Our Town Hall – Glass Conservation


Recclesia began stained glass conservation work at Manchester Town Hall as part of the UK's largest historic building conservation project in June 2021, having been commissioned to undertake work to the Great Hall and Staircases the jewels in the crown of the magnificent town hall building. Designated as the most highly significant part of the building, the great hall is full to the brim with heritage details, from the tremendous windows to a spectacular organ, carved stonework and a breath-taking decorative ceiling, and magical wall paintings by Ford Madox Brown.

After completing extensive survey work to report on condition and create an asset catalogue, removal of the enormous windows began in July 2021. Both of the Recclesia Stained Glass studios in North Wales and Manchester worked on this project through 2021 and 2022. The teams meticulously conserved every single section of glass, piece by tiny piece, applying their extensive glass conservation expertise to these outstanding windows, a key part of Manchester's built heritage.

A major part of the project was committing to provide a number of employment and training benefits as part of the social value aims. This included our recruiting for three traineeship positions at various levels of qualification and skillset, including Carlotta Cammelli, a recent MA graduate from York, who has since gone on to become the studio lead of our Manchester studio.

As a company we feel it is so important to be able recognise people’s skills and experience, and to enable them to grow. Not only for the individual, but also for the business. The approaches on the OTH project with regards to Social Values enabled us to further explore ways for traditional skills to be handed down to a new wave of stained-glass conservators and glaziers, nurturing and securing a vibrant future for our ancient crafts. This included all of our employees obtaining new qualifications or achieving higher levels of qualification, including NVQ levels 2/3/6, Membership Accreditations, and adding to the portfolios of team members on the ICON Pathway for ACR, like Carlotta. Building conservation aside, the OTH project has proved an excellent casing point for skills development and how this approach can help a project succeed.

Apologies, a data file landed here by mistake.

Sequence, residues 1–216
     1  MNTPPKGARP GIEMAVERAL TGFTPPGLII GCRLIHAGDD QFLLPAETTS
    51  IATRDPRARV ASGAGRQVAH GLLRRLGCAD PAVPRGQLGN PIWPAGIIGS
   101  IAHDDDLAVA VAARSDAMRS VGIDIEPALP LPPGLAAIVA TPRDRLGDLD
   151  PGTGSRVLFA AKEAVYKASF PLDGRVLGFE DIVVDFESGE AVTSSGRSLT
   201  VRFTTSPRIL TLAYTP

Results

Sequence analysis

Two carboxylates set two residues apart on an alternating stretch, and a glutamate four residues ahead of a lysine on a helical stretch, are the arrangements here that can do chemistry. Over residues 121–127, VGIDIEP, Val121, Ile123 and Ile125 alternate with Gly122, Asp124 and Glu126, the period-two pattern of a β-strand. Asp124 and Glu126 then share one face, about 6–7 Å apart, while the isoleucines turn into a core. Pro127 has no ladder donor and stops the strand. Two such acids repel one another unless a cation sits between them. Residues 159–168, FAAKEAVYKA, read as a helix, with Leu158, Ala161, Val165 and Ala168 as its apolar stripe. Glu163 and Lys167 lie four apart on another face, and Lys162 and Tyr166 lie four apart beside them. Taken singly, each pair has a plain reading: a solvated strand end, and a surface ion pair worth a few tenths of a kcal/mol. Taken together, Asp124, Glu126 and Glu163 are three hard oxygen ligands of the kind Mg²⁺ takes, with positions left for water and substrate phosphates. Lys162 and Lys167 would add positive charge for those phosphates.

As an accredited Living Wage Employer, Recclesia is committed to developing and training its specialist workforce whilst ensuring that our apprentice staff can afford to train in heritage skills on a long-term basis, and that we create a meaningful skills legacy for not only the Manchester and North Wales areas where we’re based but nationwide. This approach is vital in the Conservation & Heritage sector as skills are integral for the success of any heritage project and the work on Manchester Town Hall was an exemplary case. Ensuring everyone was supporting one another’s development and learning from each other is the only way of ultimately securing traditional conservation skills and craftsmanship for the future.

Article – Lee Bilson – Conservation Manager at Recclesia.


Sign up to receive our journal.

Download Journal